We are officially one week away from our departure, and I’m very excited! In the past few days of packing and preparing, Zac and I have learned A LOT! You can find his updates on his surf blog also. Based on our research, here’s what we’ve learned about preparing for this trip! Hopefully it is helpful for those of you embarking on a similar adventure.
Not all countries require Visas for entry, and most of them allow single entry for either 15-30 days or less. We fall into that category for most, but still need Visas for Vietnam and China, and one on arrival for Indonesia. (FYI – Hong Kong is not always considered part of China, and you don’t need a Visa to go there.) Project Visa was a great resource for us when figuring out which countries require Visas. We also found some good information at Travel.state.gov.
Vietnam (Total for 2 = $86) – We opted for the Visa on Arrival. This allows you to pay a visa agency online to contact the Vietnam consulate and complete your Visa application. We picked My Vietnam Visa, and filled out one application for us both, for multiple entries and it was only about $46. We were emailed a Visa Acceptance letter for Vietnam, which we printed out and will bring with us to the Airport. The Visa on Arrival option is only available if you’re flying into the country because you must get it at the airport. If you’re traveling through Cambodia, Laos, etc. beforehand, you must have a Visa with you when you arrive. We have to pay another $20-$30 each for the stamping fee when we land, and supply paperwork and pictures at customs, but that’s about it.
China (Total for 2 = $340) – What an experience, and not in the good way! If you are going to China, you need a completed application, cash, a list of exactly where you’re going, addresses of where you’ll be staying, and at least a full day to spend wandering around Koreatown in LA. The LA consulate is open Mon-Fri from 9am to 2pm, and they’re closed for all U.S. and Chinese holidays. We arrived at the consulate in LA 2 hours before they open to avoid traffic and get in line early. At 7am we ate breakfast, at 8am we got in line behind 4 other people, and by 8:3o, there were at least 50 people waiting in line. They opened at 9:00am and had 4 service windows. You have the option to pick up your Visa the same day (add $30), in 2-3 days (add $20) or whenever it’s ready (included in price.) We had no choice but the first one, and they said come back between 1:45-2:00 to pick it up. We had a lot of hassle at first because we didn’t have the right addresses on our forms, etc., but in the end we figured it out. We came back at 1pm and they gave it to us early. :)
Indonesia (Total for 2 = $50) – Haven’t gotten it yet, but research tells us we can just get it when we get there for about 25 USD. Hopefully it’s as easy as it sounds!
Deciding What to Bring
Would you prefer to carry everything you could possibly need, and throw it away if it gets too bulky? Or pack light and purchase on the way? I’d go for the latter. If you’re a traveler, you know that less is more, and every guidebook will tell you the same. Zac unpacked and repacked his backpack at least 5 times as he got rid of things. I’m a little more neurotic than he is though, and scared to be on an 8-hour bus ride in Cambodia without bandages and Neosporin. We’re packing pretty minimally, with each of us carrying 1 backpack and 1 laptop case.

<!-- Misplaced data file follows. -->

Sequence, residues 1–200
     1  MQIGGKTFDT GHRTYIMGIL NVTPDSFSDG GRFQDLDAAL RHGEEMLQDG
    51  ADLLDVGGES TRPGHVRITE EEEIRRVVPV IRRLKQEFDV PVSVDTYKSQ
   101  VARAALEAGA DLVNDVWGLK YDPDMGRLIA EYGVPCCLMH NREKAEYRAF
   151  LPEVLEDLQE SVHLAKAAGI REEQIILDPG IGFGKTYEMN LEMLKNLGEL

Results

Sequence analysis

Shots, Drugs, & First Aid
We weren’t technically “required” to get any shots, but we both opted to get our Tetanus (TDAP – tetanus, diphtheria, pertussis) and typhoid vaccinations.
Tetanus & Typhoid – Zac got the shot and I took the pills. You will feel a little weird afterward though. Zac’s shots were both on the same day and he was tired, nauseous, and loopy. The Tetanus shot didn’t affect me at all. For the Typhoid pills, you have 4 live bacteria pills, and you take one every other day with a full glass of cold water, an hour before you eat, and at least a week before you leave. It was cheaper with my insurance, and only made me feel a little loopy and tired. It also made me feel like I had arthritis in my hands…not sure what that side effect is called.
Malaria Pills – Many people recommend malaria pills, but we decided against them. They are often given to soldiers in Iraq, and anyone who will be in remote towns. We shouldn’t be in any areas with high risks of Malaria, so we’re crossing our fingers and leaving it to chance.
Vitamins – We’re going with the Nature Made Multi Vitamin with Iron. The bottle may only last us a month, but it’s a start.
EmergenC – Planning to take this before and after every plane ride to boost our immune systems when we’re exposed to high concentrations of germs!
Immodium – Anti-dizza rizzle pills.
Tums – Antacid, and also Calcium.
Ibuprofen – ’nuff said
Excedrin – Basically pain reliever with caffeine.
Sleep Aids – We bought a generic sleep aid from CVS to help us sleep on buses, trains, and planes.
First Aid Kit – Just band aids and Neosporin!
Toiletries & Liquids
This gave me some grief. How am I supposed to get all my baby bottles of hand sanitizer and bug spray into the country if I can only bring 1 quart-size bag? Neurosis aside, we managed to squeeze in everything we really needed. I want them to make some ForceFlex travel bags so we can trick TSA. Muah-ha-ha. I checked with the Singapore airport, and their rules on liquids are about the same as ours here in the states. You can have individual containers of 3 oz. liquids, but all of them must fit in a single 1-quart bag.
Earplugs, adapters, converters, chargers, iPod, vitamins, band aids, tampons. (Seriously, I learned in Portugal and India that not everyone uses them. That was my culture shock.)
Pack light! You’ve heard it a million times, but light means light! We each have a 75% full backpack and a laptop case. In addition to the 25%, there are expansion options on the backpack if we have to carry more stuff. They’re heavy enough as they are!